Certainly, this passage says that the state is authorized -- assigned, in fact -- the use of The Gun. (It says some other things about the government that is so authorized, too; more on that later.) I do not dispute this, nor did I dispute it in my posts. What I was saying is that The Gun underlies everything the state does: free school lunches just as much as "dynamic entry" drug raids by the state's black-clad thugs. I say this because it is true, and because it is a truth that I think we should keep always at the forefront of our thoughts. Our rulers do not always aim for our good; indeed, a strong argument can be made that our rulers are quite seldom motivated by our good.

Which brings me to what else this passage from scripture says about legitimately-armed government. It says that the person who does good need not fear this government -- that, on the contrary, he or she can expect praise from it. The government being talked about here is a minister of God's justice, visiting wrath upon evildoers. This government's proper authority -- not power, but authority -- is established by God. This government is a dedicated servant of God. Seen a government like that around here lately?

4. Your final question seems to me to assume something that is not in evidence. You describe the USA as "almost anarchistic." The dictionary defines "anarchism" thusly:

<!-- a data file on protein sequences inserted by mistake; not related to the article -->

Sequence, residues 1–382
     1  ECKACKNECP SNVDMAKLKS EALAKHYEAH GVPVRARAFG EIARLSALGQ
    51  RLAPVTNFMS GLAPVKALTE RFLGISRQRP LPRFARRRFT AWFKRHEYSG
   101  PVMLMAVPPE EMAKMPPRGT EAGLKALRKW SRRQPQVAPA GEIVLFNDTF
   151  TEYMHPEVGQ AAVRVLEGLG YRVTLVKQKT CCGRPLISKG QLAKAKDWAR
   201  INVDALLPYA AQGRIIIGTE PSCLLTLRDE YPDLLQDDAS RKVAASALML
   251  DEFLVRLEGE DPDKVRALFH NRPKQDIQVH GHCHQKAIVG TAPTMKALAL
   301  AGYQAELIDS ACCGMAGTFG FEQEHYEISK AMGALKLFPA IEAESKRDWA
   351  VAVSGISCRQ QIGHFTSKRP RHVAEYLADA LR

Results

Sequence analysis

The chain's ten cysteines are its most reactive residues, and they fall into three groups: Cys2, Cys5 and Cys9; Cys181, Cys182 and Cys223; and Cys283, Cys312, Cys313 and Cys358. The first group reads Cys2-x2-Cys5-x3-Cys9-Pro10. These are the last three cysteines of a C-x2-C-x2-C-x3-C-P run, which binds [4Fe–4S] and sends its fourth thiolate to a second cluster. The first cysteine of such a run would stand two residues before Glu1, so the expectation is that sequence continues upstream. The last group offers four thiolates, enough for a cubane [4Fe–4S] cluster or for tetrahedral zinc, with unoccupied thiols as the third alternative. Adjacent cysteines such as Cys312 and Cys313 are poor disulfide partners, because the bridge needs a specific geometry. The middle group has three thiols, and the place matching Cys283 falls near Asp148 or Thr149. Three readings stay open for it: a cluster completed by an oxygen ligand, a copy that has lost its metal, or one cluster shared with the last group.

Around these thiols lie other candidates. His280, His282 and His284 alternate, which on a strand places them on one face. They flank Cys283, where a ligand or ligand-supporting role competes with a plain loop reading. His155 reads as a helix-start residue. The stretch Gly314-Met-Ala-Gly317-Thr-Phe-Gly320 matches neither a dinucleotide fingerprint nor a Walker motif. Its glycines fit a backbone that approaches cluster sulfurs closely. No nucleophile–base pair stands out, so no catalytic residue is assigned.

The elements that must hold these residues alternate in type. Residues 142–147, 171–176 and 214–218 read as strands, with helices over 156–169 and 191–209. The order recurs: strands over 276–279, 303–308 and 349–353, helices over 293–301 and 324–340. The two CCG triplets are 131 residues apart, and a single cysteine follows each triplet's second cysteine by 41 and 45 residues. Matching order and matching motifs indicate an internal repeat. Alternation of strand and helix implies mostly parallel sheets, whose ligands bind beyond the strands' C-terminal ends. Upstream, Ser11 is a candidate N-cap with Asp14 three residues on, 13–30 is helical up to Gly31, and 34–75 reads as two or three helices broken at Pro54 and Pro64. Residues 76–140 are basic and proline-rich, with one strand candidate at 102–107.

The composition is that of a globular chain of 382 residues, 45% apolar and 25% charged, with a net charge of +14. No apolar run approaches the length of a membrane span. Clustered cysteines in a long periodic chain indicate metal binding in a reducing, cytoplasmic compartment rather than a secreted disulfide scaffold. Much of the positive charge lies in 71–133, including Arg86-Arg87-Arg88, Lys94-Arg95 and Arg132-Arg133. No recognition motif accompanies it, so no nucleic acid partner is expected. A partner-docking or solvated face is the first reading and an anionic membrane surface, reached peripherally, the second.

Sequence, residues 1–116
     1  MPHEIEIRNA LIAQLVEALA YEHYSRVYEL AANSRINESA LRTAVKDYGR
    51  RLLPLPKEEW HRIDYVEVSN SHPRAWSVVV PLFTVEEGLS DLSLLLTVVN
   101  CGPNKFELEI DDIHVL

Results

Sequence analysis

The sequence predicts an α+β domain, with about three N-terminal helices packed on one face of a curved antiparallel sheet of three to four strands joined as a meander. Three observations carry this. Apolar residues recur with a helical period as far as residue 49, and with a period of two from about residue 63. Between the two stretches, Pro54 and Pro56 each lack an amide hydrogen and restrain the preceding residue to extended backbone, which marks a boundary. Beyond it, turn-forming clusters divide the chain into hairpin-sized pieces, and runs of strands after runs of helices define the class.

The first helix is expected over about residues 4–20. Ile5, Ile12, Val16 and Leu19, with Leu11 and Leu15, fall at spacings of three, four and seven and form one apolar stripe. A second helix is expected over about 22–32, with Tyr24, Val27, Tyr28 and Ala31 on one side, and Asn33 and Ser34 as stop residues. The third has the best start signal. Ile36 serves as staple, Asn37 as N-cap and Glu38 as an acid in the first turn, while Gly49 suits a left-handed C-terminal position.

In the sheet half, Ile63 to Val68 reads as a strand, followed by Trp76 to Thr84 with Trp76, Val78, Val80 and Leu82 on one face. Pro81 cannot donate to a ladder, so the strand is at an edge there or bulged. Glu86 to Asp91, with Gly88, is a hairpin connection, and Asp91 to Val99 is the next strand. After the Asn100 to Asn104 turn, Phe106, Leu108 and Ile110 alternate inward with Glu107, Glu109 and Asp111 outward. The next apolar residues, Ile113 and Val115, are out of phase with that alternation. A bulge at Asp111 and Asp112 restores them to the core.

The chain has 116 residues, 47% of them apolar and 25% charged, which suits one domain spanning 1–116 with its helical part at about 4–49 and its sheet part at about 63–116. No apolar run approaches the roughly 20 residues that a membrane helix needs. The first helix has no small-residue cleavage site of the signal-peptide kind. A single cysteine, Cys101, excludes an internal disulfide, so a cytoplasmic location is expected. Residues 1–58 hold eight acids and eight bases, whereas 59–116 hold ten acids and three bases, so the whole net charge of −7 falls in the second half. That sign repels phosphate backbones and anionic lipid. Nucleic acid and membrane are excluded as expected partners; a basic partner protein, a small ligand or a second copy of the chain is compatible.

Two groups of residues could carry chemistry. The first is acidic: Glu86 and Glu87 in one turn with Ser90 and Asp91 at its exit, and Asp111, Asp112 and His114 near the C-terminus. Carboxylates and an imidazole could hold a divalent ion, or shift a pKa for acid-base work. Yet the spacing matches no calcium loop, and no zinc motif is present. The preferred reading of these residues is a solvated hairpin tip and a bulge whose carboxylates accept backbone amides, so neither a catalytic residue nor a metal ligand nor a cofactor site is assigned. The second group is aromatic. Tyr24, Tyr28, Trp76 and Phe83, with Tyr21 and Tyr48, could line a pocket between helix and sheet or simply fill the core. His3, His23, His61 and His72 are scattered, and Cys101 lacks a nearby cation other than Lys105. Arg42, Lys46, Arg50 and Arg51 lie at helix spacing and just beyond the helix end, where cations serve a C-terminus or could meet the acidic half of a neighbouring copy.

Main Entry: an·ar·chism
Pronunciation: 'a-n&r-"ki-z&m, -"när-
Function: noun
1 : a political theory holding all forms of governmental authority to be unnecessary and undesirable and advocating a society based on voluntary cooperation and free association of individuals and groups
2 : the advocacy or practice of anarchistic principles.
I don't recognize the land where I live in those words. Where I live, we're up to our necks in "governmental authority." I live in a land where, increasingly, anything not forbidden is compulsory. Now, that doesn't mean that life is pleasant and orderly, by any means. Life is, in many places in the United State, disorderly to the point of chaos. (And I don't mean to quibble about word choice here; I'm guessing that "chaotic" goes closer to what you were thinking of.) For at least half a century now, we've been getting more and more and more government, while the tendency toward social disorders and pathologies has multiplied.